March 10, 2010
In the seventh Kitty Norville book, Kitty joins the cast of a reality show and travels to a remote lodge for the taping. The plan is for the shifters, vampires, and psychics gathered for the series to attempt to engage with the skeptic in their midst. This promises for some interesting on-air drama, but their concerns about the production go out the window once a body is discovered.
July 14, 2008
Like any anthology, Hotter than Hell has it’s ups and downs. I immediately loved the title, because back in my college days that was going to be the name of my all-girl Kiss cover band if I’d ever gotten off my ass, learned to play guitar, and started an all-girl Kiss cover band.
Here’s a few impressions of each story:
- “Music Hath Charms” by Tanya Huff
One of the best in the collection, it’s about an struggling agent in the music industry. She’s determined to sign twin musicians whose talent is too remarkable to be natural. It definitely lives up to the spicy theme, but there’s also a real plot and a likable heroine who saves the day.
- “Minotaur in Stone” by Marjorie M. Liu
I haven’t read anything by Liu before, so I wasn’t sure what to expect. A forgotten woman living in a modern-day maze comes in contact with the minotaur of legend, still trapped in a magical labyrinth. It’s written in an enchanting style and I was really drawn to the characters. But three sex scenes in just over 30 pages felt a bit excessive.
- “Demon Lover” by Cheyenne McCray
An incubus is assigned to take a paranormal writer’s soul, it’s more of a romance than an urban fantasy story, so it doesn’t really fit my taste. And for some reason I really dislike it when an author’s main character is a writer, that choice only works for me on rare occasions. It’s just too meta. It jerks me right out of the story, especially when the narrator points out how events are similar to research about their subject or thinks about how events in the story seem almost fictional.
- “Equinox” by L.A. Banks
Banks is a pretty good writer, and it’s a great idea to have an ancient goddess show up in today’s world and hunt people that she thinks are hurting the land. But the story seemed to imply that Artemis, the legendary badass herself, just needed some good lovin’ and she would settle down.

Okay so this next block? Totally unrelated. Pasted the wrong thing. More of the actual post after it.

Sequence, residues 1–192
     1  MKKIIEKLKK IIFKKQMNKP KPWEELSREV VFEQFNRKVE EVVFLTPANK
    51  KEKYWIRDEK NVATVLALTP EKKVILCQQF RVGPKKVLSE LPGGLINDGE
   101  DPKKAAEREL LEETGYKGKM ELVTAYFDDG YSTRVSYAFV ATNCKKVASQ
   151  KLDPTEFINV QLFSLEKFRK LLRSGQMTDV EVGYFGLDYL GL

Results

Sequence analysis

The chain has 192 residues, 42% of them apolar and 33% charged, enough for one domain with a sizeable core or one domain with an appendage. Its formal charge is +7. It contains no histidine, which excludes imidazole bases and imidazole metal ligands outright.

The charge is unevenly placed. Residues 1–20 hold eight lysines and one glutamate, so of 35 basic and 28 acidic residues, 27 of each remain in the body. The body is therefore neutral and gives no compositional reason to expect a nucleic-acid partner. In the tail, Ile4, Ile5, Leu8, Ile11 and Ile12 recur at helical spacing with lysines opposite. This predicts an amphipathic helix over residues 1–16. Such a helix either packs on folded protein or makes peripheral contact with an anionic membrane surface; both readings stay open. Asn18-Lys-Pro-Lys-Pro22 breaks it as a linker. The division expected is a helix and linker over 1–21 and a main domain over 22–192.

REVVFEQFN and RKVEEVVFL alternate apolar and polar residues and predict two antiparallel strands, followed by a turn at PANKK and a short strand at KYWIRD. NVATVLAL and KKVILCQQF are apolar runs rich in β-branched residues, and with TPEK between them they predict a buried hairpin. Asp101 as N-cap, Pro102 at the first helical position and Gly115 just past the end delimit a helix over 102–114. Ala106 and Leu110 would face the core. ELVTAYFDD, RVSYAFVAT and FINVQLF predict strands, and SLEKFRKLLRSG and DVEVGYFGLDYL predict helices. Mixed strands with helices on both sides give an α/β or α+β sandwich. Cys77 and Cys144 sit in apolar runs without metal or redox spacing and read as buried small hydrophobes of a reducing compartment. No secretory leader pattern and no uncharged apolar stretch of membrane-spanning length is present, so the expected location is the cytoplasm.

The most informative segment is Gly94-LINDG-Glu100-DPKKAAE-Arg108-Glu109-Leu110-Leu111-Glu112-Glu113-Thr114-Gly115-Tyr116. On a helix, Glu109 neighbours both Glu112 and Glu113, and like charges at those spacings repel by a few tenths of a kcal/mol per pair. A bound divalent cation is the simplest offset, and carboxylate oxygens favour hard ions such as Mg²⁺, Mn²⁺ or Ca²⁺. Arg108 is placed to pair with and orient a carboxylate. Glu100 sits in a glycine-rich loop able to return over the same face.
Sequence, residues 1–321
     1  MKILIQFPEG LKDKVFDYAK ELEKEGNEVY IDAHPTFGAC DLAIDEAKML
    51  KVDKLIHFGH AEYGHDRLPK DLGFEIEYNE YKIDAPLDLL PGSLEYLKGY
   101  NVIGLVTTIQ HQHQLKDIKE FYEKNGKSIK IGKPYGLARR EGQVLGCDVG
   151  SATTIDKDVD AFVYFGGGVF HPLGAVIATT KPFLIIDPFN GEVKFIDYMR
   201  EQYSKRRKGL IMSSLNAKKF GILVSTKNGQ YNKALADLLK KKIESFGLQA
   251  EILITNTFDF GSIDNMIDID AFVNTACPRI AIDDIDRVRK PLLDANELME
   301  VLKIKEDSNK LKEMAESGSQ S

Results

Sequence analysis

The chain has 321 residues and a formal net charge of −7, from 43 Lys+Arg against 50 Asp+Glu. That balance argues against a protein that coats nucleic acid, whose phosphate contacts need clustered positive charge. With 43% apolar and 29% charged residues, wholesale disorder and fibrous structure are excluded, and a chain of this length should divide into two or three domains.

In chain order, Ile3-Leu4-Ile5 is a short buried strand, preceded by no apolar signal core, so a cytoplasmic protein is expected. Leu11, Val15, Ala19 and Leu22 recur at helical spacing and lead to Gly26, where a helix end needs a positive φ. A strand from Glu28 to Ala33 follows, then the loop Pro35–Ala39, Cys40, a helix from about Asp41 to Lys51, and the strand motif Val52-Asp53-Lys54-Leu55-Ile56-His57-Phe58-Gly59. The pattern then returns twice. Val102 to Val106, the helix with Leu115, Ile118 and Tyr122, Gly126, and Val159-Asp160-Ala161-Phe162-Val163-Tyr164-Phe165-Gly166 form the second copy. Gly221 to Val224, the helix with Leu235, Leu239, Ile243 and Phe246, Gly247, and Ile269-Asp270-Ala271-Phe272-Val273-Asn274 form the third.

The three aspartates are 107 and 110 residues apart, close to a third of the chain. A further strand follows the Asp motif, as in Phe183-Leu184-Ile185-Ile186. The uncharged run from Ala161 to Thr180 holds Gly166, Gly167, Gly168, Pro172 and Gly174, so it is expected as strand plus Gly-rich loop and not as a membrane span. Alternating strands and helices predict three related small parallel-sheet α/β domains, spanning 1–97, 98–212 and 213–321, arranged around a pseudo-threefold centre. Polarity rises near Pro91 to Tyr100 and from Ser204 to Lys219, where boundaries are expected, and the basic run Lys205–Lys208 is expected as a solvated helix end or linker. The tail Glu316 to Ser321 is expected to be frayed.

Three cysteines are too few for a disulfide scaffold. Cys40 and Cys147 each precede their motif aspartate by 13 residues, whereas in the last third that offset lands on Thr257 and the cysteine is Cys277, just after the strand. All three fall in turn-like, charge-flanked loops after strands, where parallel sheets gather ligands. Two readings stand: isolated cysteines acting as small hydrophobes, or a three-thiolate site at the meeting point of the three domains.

- “Ride a Dark Horse” by Susan Krinard
I don’t care if they’re fictional characters or if the heroine is really passive and is confused about what she wants. No still means no, not “grope a little more and see if she changes her mind.” Feeling up a near-stranger while she’s sleeping is assault, even if you have some kind of unacknowledged magical love connection. Sorry, but this story seriously yicked me out.
- “To Die For” by Keri Arthur
A werewolf and a wolf shifter are drawn to each other while working a missing persons case. The story doesn’t explain how Arthur’s werewolves and wolf shifters are different, but it’s made clear that they are and this causes some friction. The story has both action and drama. I think I liked it a little more than her novels, possibly because the shorter format doesn’t leave time for much bed-hopping even if the characters would have been interested in that.
- “Curse of the Dragon’s Tears” by Heidi Betts
One for the romance fans, it’s about an arrogant young man who was cursed into becoming some kind of immortal lizard guy because he yelled at a hungry gypsy group for poaching on his family’s land. Seems like a bit of a disproportionate response, no? Apparently “that time grandma turned a guy into a monster for being a jerk” became a popular family story, so one of the gypsy’s descendants goes to look for the man after having steamy dreams about him. Betts felt the need to point out that her hero had scales all over, which sounds extremely uncomfortable – if not downright painful.
- “Brother’s Keeper” by Lilith Saintcrow
The main character is a witch who gets her power from sex. This isn’t a self-contained story, it seems more like it’s setting up other events because a mystery is introduced but not solved. I doubt I’d buy a novel with this character as its heroine, because I don’t like it when plot or character traits mandate sex. I really enjoyed Saintcrow’s writing though, so maybe Working for the Devil will be more my style.
- “(Like a) Virgin of the Spring” by Susan Sizemore and Denise Little
A fun, light story about a psychic time-traveler stuck in ancient Britain.
- “Life is the Teacher” by Carrie Vaughn
A newly-made vampire longs for her past but puts it behind her. An enjoyable, character-driven story.
- “Moonlight Becomes You” by Linda Winstead Jones
A lonely apartment-dweller gets to know her neighbor, who she believes may be a vampire. This is probably my favorite of the mostly-romance stories because of the humor and sense of mystery, and because the conclusion was believable without being obvious. The main character bases her suspicions on knowledge of popular fiction’s version of the supernatural, and it seemed as if she believed mostly because she wanted it to be true.
- “Dirty Magic” by Kim Harrison
Set in Harrison’s version of Cincinnati, this story is about a banshee, a woman who feeds off the emotions of others. At first I thought the ending was a bit of a confusing, jarring mess, despite the really interesting turn of events. It seemed better after reading it again. I’m still not sure if I was too distracted on my first read or if the end of the story only seems well enough supported when you know what’s going to happen. I’m not really sure if that matters, though. If a story ends up with a big enough “wait, what?!” moment that you immediately want to read the whole thing again, then it’s certainly effective.
June 25, 2007